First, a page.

If the shower head is removable, make cleaning even simpler by submerging the shower head in a bucket of distilled white vinegar. Follow the same cleaning steps after soaking and reattach the fixture.
How to Clean a Shower Head Without Vinegar
If you don't have any distilled white vinegar on hand, you can substitute a soak in apple cider vinegar or lemon juice and water. Apple cider vinegar and lemon juice both contain acids that will help dissolve mineral deposits. Follow the same soaking and cleaning directions.
If you don't want to wait for the shower head to soak, give it a scrub with a toothbrush and a paste of baking soda or salt moistened with some lemon juice. After scrubbing, run hot water through the shower head. If possible, take the shower head apart so you can clean the interior and exterior of the fixture. Rinse well and reassemble the shower head.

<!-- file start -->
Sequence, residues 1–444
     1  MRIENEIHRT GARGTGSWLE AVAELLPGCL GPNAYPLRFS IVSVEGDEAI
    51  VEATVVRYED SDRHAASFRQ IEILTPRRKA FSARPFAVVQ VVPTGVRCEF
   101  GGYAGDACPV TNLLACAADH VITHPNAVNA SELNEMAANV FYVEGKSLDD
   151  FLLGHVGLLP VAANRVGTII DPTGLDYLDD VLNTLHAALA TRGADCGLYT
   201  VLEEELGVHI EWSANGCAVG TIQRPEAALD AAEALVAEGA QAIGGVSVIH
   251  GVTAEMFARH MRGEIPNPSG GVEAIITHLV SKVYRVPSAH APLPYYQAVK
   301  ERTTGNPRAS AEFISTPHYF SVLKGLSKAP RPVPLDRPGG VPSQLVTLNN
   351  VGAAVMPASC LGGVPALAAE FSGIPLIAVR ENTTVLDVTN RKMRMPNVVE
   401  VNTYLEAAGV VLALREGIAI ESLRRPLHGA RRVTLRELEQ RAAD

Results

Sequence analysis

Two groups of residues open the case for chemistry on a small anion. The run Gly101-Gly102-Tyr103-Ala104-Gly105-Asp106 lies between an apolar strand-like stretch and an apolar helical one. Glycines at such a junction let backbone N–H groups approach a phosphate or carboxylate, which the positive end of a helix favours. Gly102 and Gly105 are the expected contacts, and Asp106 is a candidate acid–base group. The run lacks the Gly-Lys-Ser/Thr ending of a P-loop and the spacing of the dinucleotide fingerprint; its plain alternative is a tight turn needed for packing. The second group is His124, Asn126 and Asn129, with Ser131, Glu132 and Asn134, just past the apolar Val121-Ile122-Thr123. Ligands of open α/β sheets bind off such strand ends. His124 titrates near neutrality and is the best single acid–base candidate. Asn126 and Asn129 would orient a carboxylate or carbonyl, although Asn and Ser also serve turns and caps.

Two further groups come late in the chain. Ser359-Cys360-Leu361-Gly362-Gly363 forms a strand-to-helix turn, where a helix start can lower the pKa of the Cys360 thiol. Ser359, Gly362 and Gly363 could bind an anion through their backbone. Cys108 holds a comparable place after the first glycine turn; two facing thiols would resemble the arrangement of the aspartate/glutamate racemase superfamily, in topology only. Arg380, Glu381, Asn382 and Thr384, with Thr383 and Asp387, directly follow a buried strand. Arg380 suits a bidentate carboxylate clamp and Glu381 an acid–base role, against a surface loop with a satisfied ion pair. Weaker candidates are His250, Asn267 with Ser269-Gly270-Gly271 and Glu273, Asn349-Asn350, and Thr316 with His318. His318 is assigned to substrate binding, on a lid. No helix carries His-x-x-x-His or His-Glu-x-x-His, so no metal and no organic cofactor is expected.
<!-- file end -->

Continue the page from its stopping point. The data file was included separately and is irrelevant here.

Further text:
You can also use a commercial shower head descaler if these natural methods aren't working. Follow the label directions carefully.
How to Clean the Filter Screen in a Shower Head
If the shower head is still sputtering after cleaning the fixture, it's time to remove and disassemble the shower head and take a look at the filter screen.
- Remove the shower head with a wrench or lockable pliers.
- Flush the interior with water to clear away any loose debris.
- Remove the filter screen with a pair of needle-nose pliers.
- Rinse the filter screen with water. If the screen has mineral buildup, place it in a bowl with vinegar to soak or clean it with a commercial descaler.
- Clean the rest of the shower head by following the recommended steps above.